Social media is clearly having an effect on many lives today, but many may not realize that Facebook may be bad for your health. People are frequently turning to Facebook when they have nothing else to do, and some even do it even when in the middle of a conversation.
It is so common, says Mark Zuckerburg, that people who use it typically spend 40 minutes each day. Research reveals that people are often checking their Facebook accounts to see what has been posted since the last time they looked at it.
Because of the frequent checking, research indicates that it may be affecting user’s health more than they think. Even more destructive than the health aspect, it may also be affecting sleep and relationships.
When it is realized that Facebook is clearly the social network with the most users, this means a massive amount of people are possibly being affected by it, and those they know are affected by it too. Estimates are that 71 percent of adults who are online use Facebook. As many as 70 percent of the users of the social network will check in daily, and about 40 percent will check in several times per day.
One negative aspect of checking in so often is that undergraduates have said that it affected their self-esteem. Being able to know what others thought affected some negatively and may have helped hinder a student’s academic and emotional adjustment. Older students were more positively affected by the use of social media, and Facebook may have helped.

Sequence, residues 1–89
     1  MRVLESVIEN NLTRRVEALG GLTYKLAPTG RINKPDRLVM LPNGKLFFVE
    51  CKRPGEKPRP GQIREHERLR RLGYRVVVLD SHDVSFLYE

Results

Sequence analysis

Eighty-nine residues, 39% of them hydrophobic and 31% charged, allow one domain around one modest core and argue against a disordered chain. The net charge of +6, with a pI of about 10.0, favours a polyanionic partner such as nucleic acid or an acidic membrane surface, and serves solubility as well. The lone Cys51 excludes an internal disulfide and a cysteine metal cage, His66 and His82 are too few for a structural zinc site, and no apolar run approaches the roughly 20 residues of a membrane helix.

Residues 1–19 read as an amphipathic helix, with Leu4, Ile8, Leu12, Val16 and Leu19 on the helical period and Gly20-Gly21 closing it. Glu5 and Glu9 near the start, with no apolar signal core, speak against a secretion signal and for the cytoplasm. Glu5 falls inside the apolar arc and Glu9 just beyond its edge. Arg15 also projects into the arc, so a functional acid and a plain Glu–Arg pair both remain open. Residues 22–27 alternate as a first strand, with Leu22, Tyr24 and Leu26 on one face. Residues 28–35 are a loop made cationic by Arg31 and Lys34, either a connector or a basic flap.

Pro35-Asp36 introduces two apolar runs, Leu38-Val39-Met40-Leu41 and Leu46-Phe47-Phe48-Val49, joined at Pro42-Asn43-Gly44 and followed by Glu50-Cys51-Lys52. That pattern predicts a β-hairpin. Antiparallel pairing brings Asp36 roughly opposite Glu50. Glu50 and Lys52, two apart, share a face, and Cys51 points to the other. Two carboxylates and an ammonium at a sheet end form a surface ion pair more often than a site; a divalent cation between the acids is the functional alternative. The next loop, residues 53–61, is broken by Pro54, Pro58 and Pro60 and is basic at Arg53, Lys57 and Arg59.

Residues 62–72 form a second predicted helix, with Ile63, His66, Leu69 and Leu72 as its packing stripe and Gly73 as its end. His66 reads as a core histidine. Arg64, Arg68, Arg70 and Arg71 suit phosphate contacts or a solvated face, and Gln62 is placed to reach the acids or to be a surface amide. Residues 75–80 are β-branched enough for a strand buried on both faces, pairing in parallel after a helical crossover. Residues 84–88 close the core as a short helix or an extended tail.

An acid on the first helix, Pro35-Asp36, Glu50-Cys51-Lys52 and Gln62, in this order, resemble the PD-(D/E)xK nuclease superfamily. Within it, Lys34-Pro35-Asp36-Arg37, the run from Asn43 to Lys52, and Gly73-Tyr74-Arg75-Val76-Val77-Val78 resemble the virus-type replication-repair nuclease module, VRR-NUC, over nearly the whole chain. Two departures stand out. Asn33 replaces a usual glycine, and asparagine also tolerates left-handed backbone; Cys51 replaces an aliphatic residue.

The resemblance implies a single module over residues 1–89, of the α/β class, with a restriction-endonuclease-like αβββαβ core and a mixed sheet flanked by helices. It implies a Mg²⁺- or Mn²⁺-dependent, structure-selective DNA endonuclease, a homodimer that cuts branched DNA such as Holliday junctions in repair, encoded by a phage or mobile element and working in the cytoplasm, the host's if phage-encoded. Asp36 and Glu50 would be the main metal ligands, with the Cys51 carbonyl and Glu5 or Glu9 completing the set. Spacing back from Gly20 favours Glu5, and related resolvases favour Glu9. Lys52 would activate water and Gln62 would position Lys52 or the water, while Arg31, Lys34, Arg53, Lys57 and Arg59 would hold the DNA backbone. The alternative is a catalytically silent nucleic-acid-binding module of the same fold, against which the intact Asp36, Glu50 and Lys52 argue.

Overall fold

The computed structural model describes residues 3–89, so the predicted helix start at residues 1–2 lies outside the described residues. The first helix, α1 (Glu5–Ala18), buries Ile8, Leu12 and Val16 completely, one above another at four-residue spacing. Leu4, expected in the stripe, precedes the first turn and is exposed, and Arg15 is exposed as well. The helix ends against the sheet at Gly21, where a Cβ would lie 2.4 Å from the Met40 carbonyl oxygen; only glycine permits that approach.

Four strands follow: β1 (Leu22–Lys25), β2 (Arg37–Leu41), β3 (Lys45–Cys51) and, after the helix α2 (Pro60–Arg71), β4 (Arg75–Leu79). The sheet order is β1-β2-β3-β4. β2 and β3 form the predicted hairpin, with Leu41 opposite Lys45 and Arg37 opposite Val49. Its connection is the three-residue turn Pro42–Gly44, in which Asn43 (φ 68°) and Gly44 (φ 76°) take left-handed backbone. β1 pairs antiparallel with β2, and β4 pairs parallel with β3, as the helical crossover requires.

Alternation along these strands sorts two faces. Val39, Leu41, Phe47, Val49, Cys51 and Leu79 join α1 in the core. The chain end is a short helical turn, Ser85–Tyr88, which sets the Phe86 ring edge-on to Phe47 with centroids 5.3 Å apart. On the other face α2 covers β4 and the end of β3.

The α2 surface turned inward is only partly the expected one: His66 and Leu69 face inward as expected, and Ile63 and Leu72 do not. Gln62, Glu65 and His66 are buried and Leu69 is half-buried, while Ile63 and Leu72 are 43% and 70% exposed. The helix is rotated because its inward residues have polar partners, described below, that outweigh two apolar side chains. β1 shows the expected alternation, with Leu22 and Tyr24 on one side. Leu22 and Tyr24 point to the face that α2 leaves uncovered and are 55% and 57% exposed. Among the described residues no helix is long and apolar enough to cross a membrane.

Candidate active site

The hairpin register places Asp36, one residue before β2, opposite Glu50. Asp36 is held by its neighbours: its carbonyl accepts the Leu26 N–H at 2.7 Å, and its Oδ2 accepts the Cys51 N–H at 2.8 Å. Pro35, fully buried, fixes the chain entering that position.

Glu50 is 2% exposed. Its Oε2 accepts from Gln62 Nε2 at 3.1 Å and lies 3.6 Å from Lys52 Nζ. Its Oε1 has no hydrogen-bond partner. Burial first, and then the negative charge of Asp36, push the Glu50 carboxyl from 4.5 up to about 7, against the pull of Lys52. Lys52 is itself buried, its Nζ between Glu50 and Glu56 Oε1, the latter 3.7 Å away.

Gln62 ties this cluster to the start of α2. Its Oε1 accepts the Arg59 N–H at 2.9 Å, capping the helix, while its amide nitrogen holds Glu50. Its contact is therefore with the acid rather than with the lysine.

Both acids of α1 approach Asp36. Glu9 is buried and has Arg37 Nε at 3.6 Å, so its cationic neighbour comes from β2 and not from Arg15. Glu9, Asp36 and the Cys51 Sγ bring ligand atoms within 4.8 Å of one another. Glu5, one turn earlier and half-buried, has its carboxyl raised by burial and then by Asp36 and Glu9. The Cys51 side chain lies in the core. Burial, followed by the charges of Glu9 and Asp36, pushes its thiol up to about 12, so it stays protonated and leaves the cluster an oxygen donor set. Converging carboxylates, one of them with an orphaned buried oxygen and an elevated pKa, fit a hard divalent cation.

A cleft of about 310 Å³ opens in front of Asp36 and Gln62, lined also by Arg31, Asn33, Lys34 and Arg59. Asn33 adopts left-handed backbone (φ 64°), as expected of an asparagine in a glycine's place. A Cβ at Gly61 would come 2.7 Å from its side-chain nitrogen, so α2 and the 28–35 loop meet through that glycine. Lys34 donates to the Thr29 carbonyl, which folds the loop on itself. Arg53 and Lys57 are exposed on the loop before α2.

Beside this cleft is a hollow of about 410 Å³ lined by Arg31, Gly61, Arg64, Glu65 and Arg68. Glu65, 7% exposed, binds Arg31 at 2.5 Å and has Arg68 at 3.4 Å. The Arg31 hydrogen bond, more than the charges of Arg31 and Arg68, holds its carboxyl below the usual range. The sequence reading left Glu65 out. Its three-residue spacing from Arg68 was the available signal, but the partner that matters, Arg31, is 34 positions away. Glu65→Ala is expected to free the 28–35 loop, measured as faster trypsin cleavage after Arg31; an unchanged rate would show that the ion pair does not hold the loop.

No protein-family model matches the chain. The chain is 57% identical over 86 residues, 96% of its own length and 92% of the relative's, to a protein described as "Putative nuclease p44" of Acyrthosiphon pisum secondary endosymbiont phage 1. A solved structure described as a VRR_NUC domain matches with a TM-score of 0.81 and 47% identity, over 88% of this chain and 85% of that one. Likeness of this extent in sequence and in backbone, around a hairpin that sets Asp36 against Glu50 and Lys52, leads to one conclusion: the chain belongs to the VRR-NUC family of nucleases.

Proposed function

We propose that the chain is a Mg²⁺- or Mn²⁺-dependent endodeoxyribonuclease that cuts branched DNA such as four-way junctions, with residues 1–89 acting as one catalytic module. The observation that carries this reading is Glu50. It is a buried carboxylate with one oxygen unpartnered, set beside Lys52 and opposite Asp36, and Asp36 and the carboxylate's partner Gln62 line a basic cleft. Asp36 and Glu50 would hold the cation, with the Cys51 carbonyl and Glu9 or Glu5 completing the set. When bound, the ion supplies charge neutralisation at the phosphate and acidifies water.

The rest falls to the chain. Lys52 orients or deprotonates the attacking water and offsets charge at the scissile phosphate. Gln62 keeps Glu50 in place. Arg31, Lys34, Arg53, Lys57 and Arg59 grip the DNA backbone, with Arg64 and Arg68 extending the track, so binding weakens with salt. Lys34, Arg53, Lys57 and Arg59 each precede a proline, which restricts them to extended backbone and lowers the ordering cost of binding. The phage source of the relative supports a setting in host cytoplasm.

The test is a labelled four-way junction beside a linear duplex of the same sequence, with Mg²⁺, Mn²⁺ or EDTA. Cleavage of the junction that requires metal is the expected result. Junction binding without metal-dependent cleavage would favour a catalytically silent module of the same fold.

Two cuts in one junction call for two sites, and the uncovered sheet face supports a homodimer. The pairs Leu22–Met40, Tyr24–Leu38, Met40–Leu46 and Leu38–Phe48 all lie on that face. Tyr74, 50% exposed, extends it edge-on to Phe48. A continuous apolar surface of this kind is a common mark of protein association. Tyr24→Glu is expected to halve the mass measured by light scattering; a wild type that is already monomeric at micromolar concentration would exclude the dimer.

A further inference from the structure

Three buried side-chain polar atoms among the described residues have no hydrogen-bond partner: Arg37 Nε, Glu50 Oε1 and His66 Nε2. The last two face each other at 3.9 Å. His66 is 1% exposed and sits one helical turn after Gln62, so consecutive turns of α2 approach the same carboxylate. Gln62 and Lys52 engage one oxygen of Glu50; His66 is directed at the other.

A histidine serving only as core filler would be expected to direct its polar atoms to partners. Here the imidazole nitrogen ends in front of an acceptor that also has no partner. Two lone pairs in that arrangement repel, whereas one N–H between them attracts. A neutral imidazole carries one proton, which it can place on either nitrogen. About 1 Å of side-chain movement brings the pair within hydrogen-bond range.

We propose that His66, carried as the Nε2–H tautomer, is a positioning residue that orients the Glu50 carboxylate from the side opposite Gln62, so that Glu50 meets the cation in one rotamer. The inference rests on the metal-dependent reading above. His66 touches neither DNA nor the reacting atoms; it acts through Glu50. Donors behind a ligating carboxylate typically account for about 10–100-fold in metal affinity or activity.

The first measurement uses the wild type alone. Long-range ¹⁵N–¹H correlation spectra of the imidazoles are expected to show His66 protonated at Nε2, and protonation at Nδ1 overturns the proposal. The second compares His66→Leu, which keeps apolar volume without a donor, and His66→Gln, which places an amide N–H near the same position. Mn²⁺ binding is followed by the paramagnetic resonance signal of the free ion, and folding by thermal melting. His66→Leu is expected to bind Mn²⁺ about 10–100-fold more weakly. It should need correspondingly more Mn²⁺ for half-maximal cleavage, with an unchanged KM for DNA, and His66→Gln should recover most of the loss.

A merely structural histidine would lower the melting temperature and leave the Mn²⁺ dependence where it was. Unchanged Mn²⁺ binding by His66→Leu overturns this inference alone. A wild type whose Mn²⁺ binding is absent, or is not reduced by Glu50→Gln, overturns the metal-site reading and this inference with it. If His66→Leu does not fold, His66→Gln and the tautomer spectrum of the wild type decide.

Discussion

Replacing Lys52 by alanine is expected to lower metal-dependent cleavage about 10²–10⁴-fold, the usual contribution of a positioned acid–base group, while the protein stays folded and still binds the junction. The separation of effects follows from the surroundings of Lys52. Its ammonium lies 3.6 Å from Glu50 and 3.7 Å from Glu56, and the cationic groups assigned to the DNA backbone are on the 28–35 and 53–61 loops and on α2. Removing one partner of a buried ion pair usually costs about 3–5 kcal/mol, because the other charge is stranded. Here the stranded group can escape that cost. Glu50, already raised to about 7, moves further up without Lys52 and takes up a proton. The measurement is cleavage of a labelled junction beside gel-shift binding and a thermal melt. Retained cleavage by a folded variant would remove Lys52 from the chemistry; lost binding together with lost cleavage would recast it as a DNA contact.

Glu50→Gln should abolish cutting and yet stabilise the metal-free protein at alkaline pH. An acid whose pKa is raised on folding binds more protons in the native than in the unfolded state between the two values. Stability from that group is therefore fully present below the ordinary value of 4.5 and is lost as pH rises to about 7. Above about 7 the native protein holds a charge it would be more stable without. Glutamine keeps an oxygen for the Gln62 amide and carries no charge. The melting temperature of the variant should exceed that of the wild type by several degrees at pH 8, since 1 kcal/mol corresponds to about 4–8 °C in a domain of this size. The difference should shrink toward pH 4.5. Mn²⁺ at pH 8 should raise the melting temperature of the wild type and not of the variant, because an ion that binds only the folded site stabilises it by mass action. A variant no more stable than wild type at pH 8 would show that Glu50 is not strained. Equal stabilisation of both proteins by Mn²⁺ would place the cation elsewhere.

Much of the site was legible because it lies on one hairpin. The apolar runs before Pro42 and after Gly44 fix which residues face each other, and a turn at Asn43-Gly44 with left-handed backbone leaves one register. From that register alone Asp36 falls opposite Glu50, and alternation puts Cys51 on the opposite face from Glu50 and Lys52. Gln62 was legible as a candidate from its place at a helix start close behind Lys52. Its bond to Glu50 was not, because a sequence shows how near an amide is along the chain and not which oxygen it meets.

An older study reported that people who use the popular social media may even check it before they get out of bed. This could be a powerful indicator that those who use it are being affected by it and the various pressures that may be seen on it when checked. Checking it this often may also reflect that not only may Facebook be bad for your health, but it may also be bad for some people’s mental health.
There is no doubt that what is seen on the social media’s pages can and will often affect their attitude and outlook. Emotional damage was found to occur by looking at the faces of others who appeared to be happy and smiling. A study performed in Germany in December of 2012 revealed that the more time that students in college spent on Facebook, the more negative they became about their own life.
Simple things like getting congratulations for achievements, birthdays, or receiving “likes” can create an addiction or compulsion if people start looking for them as affirmations of their own self-worth. A lack of them, for whatever reason, can create anxiety, dissatisfaction and feelings of loneliness.
When it comes to giving up Facebook for a better and more productive life, some found it harder to do than quitting drinking or cigarettes. Part of the fear of quitting has become known as the “fear of missing out” (FOMO).
Surveys have revealed that Facebook in particular may be bad for your health because it can be hard to relax or sleep after checking Facebook page, or your friend’s pages. On the other hand, deliberately spreading happiness and trying to help the other person be happy is contagious, too, and it is more powerful than negative expressions.
By Mike Valles